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Guest sgreenwood

TERRAIN_MAX_VERTEX_LEVEL

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Okay, I am using 10Meter Data and Did the Mesh at LOD12, why is it that if I change from TERRAIN_MAX_VERTEX_LEVEL=19 to TERRAIN_MAX_VERTEX_LEVEL=21 I get these amazingly high cliffs (50,000 ft high and above)?

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Sounds like a good example of the amount of additional detail you can reveal by increasing the TMVL setting!Have you looked at the bgl file with tmfviewer?Does the DEM look ok in Microdem when you Zoom in?>The Dems are a little "crooked" on screen, does the True North/Magnetic>North have to be set to a certain setting for Mesh?I assume this is because the source data is in UTM format and needs to be converted to lat/lon format. Were you able to do this?Stevewww.fs-traveler.com

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Okay, how do I convert from UTM to Lat/Lon?(I thought that a Microdem *.dem was already Lat/Lon)

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>Okay, how do I convert from UTM to Lat/Lon?Sorry I didn't get back to you sooner on your previous post :(I assume you are using SDTS data in 7.5' quadrants, probably in a .gz archive. Microdem can read these directly. * I usually begin by merging several quadrants into a single DEM file.* Then load this merged DEM file into Microdem and save it as a DTED file. You will be asked to specify the data spacing in arcsecs. I use 0.3 (I don't think Microdem supports more decimal places here.) This step will convert the data to lat/lon format.* Now load the new .DT1 file into Microdem and Save As-MD DEM. This should put your data into the required WGS84 datum, in lat/lon format.Try reloading this final file one more time and use Analyze-Header to confirm the format.At this point, you can either Save the file As 16-bit BSQ and use the BSQ data directly with the SDK or close the file and use BIGBSQ to convert the data from Microdem format to the format required by the SDK.This data often has missing values around the edges. The newest version of resample.exe deals with these, but be sure the inf file has the correct entry (probably 32767) for missing values so it can identify them.Good luck,Steve

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Okay, Back with a New Problem. Some of the Areas that I am trying to work on, when I save them as DT1 files, crunch down into almost nothing. I end up with the whole Grid in the correct height, but about 1/50th of the width.Any Suggestions?Ken

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>Okay, Back with a New Problem. >>Some of the Areas that I am trying to work on, when I save>them as DT1 files, crunch down into almost nothing. I end up>with the whole Grid in the correct height, but about 1/50th of>the width.Are you seeing the crunching in Microdem or in the bgl file/sim?When you load the DT1 file into Microdem, does it look OK, and are the boundary coordinates correct? Only some of the areas? Are the source files all the same size and type?How large an area does the DEM cover? If you are only working with one 7.5' DEM, the SDK may be trimming the sides.How are you converting the DEM to the SDK format?Have you looked at the bgl file with tmfviewer.exe?If this doesn't help, we will need more details about your source data, the steps you are taking to process it, and at what stage you are seeing this problem.Steve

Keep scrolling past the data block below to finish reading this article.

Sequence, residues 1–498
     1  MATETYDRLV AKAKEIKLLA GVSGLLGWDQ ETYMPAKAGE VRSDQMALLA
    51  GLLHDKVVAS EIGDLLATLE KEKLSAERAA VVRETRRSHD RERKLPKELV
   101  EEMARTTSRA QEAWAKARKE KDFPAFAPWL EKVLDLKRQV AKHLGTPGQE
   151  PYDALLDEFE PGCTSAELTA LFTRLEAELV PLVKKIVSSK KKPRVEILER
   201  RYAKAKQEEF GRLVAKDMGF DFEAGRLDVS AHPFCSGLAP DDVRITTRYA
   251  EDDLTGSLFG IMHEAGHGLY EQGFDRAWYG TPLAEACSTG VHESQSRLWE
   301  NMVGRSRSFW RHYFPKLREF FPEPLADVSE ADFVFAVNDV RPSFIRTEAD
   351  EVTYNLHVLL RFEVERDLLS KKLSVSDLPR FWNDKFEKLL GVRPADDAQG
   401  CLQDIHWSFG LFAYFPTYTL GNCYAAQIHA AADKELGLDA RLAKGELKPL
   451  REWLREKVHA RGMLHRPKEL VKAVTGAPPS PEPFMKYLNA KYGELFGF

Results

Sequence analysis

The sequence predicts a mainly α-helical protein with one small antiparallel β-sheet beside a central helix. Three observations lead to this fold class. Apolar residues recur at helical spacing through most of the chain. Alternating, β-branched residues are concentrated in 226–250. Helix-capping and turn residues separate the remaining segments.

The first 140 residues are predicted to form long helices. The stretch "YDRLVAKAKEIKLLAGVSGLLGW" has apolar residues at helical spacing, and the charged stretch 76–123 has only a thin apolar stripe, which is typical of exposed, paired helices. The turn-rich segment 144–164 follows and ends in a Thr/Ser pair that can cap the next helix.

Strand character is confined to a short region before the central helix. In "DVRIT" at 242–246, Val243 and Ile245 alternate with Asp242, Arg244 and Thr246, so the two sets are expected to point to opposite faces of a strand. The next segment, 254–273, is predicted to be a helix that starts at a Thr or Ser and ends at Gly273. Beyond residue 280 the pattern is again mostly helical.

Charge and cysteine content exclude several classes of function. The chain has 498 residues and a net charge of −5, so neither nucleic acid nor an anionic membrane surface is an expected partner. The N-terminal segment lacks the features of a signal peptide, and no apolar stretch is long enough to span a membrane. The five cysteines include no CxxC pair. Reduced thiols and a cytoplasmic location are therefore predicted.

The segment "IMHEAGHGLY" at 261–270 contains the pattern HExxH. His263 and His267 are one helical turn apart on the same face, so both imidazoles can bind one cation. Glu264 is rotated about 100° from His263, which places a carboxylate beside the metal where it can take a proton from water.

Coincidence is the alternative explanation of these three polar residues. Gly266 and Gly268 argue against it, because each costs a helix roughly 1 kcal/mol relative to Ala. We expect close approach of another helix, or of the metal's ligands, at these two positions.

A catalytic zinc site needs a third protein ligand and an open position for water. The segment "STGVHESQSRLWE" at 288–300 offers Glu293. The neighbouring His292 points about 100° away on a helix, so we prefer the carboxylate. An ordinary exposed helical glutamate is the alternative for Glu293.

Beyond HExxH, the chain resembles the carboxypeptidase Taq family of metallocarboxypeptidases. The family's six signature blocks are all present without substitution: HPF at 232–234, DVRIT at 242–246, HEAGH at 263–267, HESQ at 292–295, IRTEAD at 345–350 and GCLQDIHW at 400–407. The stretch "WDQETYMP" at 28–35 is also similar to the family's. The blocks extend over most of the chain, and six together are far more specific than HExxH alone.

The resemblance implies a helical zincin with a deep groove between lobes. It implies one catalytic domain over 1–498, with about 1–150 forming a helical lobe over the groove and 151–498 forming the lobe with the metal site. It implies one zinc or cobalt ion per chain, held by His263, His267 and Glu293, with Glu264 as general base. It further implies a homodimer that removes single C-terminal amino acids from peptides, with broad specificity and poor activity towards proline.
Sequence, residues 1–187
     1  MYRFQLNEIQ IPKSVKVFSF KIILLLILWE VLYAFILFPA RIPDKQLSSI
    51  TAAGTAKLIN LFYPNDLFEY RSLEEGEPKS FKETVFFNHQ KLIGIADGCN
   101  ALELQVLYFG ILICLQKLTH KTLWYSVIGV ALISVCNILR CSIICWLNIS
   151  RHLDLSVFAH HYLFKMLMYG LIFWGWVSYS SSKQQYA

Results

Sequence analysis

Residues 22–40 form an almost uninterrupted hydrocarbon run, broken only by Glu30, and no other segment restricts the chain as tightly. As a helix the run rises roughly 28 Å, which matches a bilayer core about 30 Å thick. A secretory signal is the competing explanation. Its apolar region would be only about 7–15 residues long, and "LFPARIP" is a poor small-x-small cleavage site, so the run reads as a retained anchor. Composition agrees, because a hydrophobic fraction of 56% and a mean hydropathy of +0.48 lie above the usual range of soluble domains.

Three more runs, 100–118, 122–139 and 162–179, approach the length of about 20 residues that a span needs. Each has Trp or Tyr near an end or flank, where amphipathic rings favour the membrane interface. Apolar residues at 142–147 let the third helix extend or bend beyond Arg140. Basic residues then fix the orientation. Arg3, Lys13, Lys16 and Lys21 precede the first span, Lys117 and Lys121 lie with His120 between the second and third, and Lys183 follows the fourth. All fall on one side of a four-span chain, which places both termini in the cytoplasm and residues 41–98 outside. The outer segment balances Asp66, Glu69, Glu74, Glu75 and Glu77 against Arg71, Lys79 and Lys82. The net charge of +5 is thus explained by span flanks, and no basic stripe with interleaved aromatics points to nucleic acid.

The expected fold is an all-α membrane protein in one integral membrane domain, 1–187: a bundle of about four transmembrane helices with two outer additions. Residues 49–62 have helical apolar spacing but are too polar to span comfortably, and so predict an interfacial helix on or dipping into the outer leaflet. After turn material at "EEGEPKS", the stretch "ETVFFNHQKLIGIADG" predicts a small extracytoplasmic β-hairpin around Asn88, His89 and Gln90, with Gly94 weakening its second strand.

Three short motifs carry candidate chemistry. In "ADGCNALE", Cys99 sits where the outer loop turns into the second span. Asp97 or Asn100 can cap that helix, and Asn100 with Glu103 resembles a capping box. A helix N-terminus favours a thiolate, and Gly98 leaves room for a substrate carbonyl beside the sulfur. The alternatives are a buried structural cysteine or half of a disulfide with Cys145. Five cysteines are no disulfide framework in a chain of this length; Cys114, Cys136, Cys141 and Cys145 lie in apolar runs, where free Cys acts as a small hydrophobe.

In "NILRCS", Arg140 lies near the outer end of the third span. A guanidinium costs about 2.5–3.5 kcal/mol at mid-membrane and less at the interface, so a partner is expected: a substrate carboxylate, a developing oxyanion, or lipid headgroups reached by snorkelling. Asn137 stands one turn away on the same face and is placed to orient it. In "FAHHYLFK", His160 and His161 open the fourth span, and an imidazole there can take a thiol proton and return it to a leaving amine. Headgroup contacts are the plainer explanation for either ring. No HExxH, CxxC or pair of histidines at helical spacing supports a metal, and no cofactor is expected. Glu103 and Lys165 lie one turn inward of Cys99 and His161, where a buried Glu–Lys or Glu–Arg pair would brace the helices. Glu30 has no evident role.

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The crunching is in MD after convewrting to DT1The top image is the DT1 the underlay is the same area in DEMN38* 15' to N37* 52'W110* 00' to W109* 07'Have not reached the SDK Stage yet

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Strange. As is the large number of what appear to be coordinates listed on the left. Are you sure you entered 0.3 arcsecs for the spacing when doing the conversion.Use Analyze.Header to see what it tells you about the DT1 file. Compare this with Analyze.Header information about the source DEM, to confirm the spacing and the fact that it is in UTM format.You can load both files at the same time, then select each in turn and open the analysis dialog. This way you can compare them side-by-side.

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Okay, for some reason it did not like 0.3, but it liked 3Now I have done other areas using 0.3 and they worked, same 10 Meter data...I am getting confused...Let me take a break and get back to you...Oh, BTW, how (After you compile the BGL) can you determine what LOD it is in IF you let the program do an AUTO on it?

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>Oh, BTW, how (After you compile the BGL) can you determine what LOD it >is in IF you let the program do an AUTO on it?This is not trivial, which is just one reason why I never use AUTO. To construct my lists of default mesh LOD values, I compared screenshots of the default mesh (unknown LOD) with my own mesh (known LOD). The higher LOD data is displayed, so I can tell the LOD of the unknown by determining the LOD I need to use to override it. :)

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Some time ago, Gilles Gauthier showed me another way to determine LOD, viewing bgl files with tmfviewer.exe. (Thanks Gilles)By zooming in on a feature until it is displayed at the same magnification in separate views of the known LOD and unknown LOD bgl files, we can compare the sizes of the cells displayed in each. Increasing the LOD by 1 decreases the height and width by 1/2.I have circled representative cells in the images below. The cell on the left is 1/4 the size of the one on the right, indicating that the LOD of that bgl is one step higher. Using this approach, one can determine the LOD of either bgl when the other is known.http://forums.avsim.com/user_files/40131.gifSteve

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